Darmin Asks China to Help Reduce Indonesia"s Trade Deficit

Oleh Desy Setyowati 10 May 2016

The problem is there are 28 downstream commodities from Indonesia which are banned by the Chinese government.

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The Indonesian government would like to see an increase in actual investment from and trade cooperation with China, including reducing its trade deficit with China. To discuss these matters, the Indonesian and Chinese governments took part in "The 2nd Meeting of the High-Level Economic Dialogue RI-PRC" in Jakarta, Monday (9/5).

"We have annual meetings with the Deputy Prime Minister and State Councillor of China. This is the second (meeting)," said Coordinating Minister for Economic Affairs Darmin Nasution. At Monday’s meeting, the minister brought four key issues on the economic cooperation between the two countries to the table. These include Indonesia's trade deficit with China, low Chinese investment in Indonesia, extending the cooperation on Bilateral Currency Swap Agreement (BCSA), and financing infrastructure development in Indonesia.

Darmin explained that Indonesia has had a trade deficit with China over the last two years. Central Statistics Agency (BPS) data show that the value of Indonesia's non-oil and gas exports to China in January-March 2016 was US$ 2.84 billion, down 9.34 percent on the same period in 2015. The value of imports in the same period this year was US$ 7.13 billion, resulting in a trade deficit with China of about US$ 4.29 billion.

(Read: Chinese government promises not to "Export" Many Workers to Indonesia)

Last year, the value of Indonesia's exports to China was US$ 13.26 billion, down 19.44 percent on 2014. In contrast, the value of imports from China throughout 2015 amounted to US$ 29.22 billion, down just 4.08 percent. As a result, Indonesia's trade deficit with China in 2015 was US$ 15.96 billion.

Therefore, the government has asked China to assist in analysing and formulating measures to address the trade deficit. "Towards balanced and sustainable bilateral trade," Darmin said. On the same occasion, a member of the State Council of China Yang Jiechi promised that he would encourage Chinese companies to boost imports of Indonesian products.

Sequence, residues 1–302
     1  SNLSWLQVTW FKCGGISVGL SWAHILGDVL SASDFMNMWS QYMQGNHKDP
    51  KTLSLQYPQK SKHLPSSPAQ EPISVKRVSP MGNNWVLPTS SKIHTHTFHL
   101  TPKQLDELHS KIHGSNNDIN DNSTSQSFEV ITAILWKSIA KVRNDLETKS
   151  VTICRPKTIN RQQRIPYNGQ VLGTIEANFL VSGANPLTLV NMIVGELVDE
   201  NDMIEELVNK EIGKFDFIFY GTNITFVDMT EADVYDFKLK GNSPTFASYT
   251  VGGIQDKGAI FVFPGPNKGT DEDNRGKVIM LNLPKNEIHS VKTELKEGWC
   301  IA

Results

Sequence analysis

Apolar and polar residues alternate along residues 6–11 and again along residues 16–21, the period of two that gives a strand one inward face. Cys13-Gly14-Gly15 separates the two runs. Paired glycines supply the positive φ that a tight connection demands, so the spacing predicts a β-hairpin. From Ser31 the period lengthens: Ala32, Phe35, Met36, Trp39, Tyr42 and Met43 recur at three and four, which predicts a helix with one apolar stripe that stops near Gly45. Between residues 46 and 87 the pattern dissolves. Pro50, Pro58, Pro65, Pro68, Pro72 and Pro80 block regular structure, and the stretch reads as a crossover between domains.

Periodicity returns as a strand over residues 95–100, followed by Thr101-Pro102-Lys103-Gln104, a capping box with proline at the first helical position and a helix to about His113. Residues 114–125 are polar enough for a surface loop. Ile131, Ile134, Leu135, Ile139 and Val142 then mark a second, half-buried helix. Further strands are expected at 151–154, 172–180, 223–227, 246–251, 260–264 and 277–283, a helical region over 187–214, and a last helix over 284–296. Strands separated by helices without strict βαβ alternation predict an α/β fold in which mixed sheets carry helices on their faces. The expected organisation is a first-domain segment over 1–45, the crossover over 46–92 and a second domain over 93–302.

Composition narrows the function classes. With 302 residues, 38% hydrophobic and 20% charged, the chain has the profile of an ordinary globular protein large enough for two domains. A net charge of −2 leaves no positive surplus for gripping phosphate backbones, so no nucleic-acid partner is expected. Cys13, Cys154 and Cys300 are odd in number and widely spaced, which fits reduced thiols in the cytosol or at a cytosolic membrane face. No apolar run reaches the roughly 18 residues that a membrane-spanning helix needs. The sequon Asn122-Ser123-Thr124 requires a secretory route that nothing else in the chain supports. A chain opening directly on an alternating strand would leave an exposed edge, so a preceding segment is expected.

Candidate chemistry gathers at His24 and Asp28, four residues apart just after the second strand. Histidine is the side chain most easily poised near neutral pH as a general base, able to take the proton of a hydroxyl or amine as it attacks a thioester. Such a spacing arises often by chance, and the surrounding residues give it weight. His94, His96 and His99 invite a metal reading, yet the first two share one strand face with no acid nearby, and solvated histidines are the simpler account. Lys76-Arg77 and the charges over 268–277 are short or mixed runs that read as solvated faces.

(Read: WhatsApp: The Answer to Chinese Investment Setbacks)

Deputy for International Economic Cooperation of Coordinating Ministry for Economic Affairs Rizal Affandi Lukman explained that the trade deficit with China had increased steadily in the last four years. This was due to the decrease in the price of major Indonesian export products, particularly primary goods. "Coal accounts for around 26 percent of our exports to China," he said. Meanwhile, domestic demand in China has decreased due to the economic slowdown.

At the meeting, the two governments agreed to look into where Indonesian products could access the Chinese market. The problem is there are 28 downstream commodities from Indonesia which, thanks to the ASEAN-China free trade agreement, are banned by the Chinese government.

Rizal explained that the government is currently negotiating the inclusion of 30 Indonesian major export commodities in the Chinese-led Regional Comprehensive Economic Partnership (RCEP). For example, to increase rubber exports to China, the government hopes that the current 20 percent import duty on rubber in China will be scrapped. "This is what the Indonesian negotiation teams at the RCEP and at the ASEAN-China FTA, as well as bilaterally, are trying to achieve."

(Read: Increased Imports, Trade Surplus Shrank in March)

Increased investment is also important to reduce the trade deficit with China, and this includes boosting the number of Chinese tourists to Indonesia. "So that the trade deficit can be offset by an inflow of investment," he said.

Rizal said that Chinese investment interest in the last five years has grown rapidly. Unfortunately, actual investment is still low. The Investment Coordinating Board (BKPM) recorded actual investment from China in 2015 at US$ 2.16 billion, up 47 percent on the previous year.

To increase actual investment from China, the Indonesian government has established the China Desk at the BKPM office. The goal is to improve services to Chinese investors and provide information on investment policy in Indonesia. The government will also open the Indonesia Investment Promotion Center (IIPC) in Beijing.

At the meeting on Monday, Darmin also discussed extending the cooperation on the BSCA, which has been in place since 2013 and will end in October. The extension will include increasing the agreed value of the cooperation from 100 billion to 130 billion renminbi.

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